Hope this is the right place for this question:

Linux requires DRM (digital rights management) to be enabled in firefox to support popular streaming services. Why is that? Is it to with the fact that most Linux OS are open source?

N.B. From wikipedia - Digital rights management (DRM) tools or technological protection measures are a set of access control technologies for restricting the use of proprietary hardware and copyrighted works.

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    Just checking that you are certain that DRM is not actually "Direct Rendering Manager"?
    – they
    Dec 5, 2021 at 22:26
  • Linux requires DRM to be enabled in the default browser to support popular streaming services - where does it say that? Where are you getting this from? For context can you edit and provide the link/source. Dec 5, 2021 at 22:29
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    Popular streaming service that require DRM (most of them) do require it to be enabled in ANY OS. Why would it be different in Linux? Dec 5, 2021 at 22:33
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    What is the "default browser"? DRM is required by the streaming services, not by GNU/Linux nor even browsers. GNU/Linux users are usually more aware of the harmful nature of Digital Restrictions Management and proprietary software, so in some distributions the distinction is clearly made, and to install DRM you have to make an extra step (install additional packages, run installation scripts...). Dec 6, 2021 at 8:01
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    I’m voting to close this question because Your question isn't really related to Linux. you have to enable DRM management in Firefox on Windows as well. DRM are use to limit piracy in web streaming in legal services, this uses proprietary code that isn't enable by default, that's all.
    – Kiwy
    Dec 20, 2021 at 11:23

1 Answer 1


Just checking, you probably meant Direct rendering manager, am I right? I have never heard of digital rights management in Linux.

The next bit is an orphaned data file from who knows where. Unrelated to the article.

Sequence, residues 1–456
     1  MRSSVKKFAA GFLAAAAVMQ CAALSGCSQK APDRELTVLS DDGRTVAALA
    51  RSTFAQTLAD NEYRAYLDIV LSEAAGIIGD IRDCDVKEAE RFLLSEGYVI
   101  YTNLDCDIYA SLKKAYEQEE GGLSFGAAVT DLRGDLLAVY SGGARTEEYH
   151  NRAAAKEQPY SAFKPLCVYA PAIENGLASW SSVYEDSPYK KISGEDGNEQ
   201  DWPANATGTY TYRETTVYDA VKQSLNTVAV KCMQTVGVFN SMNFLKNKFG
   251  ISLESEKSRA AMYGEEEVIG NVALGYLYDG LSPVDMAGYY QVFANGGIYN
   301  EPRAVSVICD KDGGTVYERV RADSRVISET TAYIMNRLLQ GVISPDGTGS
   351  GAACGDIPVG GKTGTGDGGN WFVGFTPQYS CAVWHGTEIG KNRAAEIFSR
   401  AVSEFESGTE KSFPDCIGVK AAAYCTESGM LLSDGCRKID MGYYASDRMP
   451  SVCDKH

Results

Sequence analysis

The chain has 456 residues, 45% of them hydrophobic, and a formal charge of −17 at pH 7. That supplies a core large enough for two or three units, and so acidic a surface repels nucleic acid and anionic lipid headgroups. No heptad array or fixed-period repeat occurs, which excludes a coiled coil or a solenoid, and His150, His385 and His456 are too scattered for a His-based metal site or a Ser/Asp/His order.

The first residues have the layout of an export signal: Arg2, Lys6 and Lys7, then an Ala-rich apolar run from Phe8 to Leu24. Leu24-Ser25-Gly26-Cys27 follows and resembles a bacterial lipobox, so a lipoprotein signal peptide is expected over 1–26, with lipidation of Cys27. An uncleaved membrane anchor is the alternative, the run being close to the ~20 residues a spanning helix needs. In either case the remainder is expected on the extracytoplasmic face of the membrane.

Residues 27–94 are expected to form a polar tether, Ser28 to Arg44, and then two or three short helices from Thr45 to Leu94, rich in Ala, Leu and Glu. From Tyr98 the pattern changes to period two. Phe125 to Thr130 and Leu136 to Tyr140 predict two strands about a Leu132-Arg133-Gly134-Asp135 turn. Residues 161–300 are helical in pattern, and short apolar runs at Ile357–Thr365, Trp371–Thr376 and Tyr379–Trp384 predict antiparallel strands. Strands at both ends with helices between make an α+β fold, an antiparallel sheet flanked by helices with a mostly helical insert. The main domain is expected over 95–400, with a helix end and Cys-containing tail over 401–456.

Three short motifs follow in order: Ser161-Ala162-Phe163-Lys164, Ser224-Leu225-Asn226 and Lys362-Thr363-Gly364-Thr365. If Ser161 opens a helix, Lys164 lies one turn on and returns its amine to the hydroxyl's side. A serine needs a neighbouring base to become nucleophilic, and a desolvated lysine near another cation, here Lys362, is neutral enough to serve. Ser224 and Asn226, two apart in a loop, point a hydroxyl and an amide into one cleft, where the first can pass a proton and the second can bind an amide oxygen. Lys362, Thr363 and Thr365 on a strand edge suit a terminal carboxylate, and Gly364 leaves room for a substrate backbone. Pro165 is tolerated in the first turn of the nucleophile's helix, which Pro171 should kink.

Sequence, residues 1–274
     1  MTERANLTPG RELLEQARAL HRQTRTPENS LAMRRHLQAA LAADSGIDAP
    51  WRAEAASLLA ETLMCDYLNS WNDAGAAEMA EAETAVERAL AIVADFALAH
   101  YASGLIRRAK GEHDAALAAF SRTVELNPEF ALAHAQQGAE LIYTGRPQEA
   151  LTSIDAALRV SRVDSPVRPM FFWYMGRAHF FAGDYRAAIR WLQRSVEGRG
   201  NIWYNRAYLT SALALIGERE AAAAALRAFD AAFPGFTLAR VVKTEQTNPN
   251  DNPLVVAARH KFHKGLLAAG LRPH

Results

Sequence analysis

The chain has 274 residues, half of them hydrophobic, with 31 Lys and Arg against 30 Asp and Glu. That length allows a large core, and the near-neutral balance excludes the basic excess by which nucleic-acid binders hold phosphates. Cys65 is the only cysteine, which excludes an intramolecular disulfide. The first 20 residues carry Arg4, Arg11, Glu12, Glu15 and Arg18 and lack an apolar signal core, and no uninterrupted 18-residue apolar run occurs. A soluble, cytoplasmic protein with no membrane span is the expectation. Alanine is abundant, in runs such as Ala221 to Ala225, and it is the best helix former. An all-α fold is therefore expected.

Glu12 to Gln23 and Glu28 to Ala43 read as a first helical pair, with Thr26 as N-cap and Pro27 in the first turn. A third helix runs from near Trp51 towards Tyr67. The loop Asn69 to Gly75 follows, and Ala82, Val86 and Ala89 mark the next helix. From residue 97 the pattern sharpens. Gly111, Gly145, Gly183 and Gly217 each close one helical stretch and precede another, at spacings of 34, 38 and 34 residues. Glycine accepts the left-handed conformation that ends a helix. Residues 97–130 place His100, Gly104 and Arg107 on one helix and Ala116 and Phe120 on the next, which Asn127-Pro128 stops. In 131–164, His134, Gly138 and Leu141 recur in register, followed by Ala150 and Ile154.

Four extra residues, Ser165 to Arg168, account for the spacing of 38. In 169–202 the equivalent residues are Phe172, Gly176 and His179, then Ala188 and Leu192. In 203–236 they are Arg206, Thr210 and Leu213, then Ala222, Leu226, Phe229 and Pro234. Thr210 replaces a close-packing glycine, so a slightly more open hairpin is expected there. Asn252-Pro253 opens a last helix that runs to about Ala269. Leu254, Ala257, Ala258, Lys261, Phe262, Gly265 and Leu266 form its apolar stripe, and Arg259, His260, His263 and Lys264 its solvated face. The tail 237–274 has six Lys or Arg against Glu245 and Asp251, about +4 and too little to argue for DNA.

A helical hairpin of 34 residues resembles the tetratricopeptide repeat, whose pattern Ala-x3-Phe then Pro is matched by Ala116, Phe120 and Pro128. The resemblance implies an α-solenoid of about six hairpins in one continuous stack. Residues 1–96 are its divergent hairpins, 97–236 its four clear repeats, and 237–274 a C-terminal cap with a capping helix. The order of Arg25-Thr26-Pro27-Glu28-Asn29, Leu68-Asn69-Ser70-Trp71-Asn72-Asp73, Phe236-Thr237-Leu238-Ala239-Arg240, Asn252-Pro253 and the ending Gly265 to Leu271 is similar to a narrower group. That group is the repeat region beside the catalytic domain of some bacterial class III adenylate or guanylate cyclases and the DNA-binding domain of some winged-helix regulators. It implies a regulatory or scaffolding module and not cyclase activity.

• There exists DRM (Digital Restrictions Management) software on GNU/Linux. Example: sourceforge.net/software/digital-rights-management/linux For example, Firefox includes a setting that enables Digital Restrictions Management, which enables Netflix to be watched itsfoss.com/netflix-firefox-linux Why I use the term "Restrictions", Dec 9, 2021 at 10:54
  • Oh, these are not parts of Linux, they seem like they are software that enables you to use websites and media that requires them to prevent illegally copying movies, etc. They are not a part of GNU/Linux, just a third party software.
    – tempacc
    Dec 9, 2021 at 12:11
  • It is software which runs under GNU/Linux. It is not maintained by the GNU Project, nor it is part of Linux (kernel), but it is DRM on GNU/Linux. Dec 9, 2021 at 12:19
  • Yeah, I just answered the question. It is a third party software required by third party software to manage digital rights. I think the DRM might be included in Windows and MacOS by default. Windows has something called PlayReady.
    – tempacc
    Dec 9, 2021 at 14:00
  • You didn't answer the OP's question, you asked a different question, seeking clarification from the OP and made an off-topic remark about "not hearing of digital rights management in Linux", to which I gave a counter example. Dec 9, 2021 at 14:19

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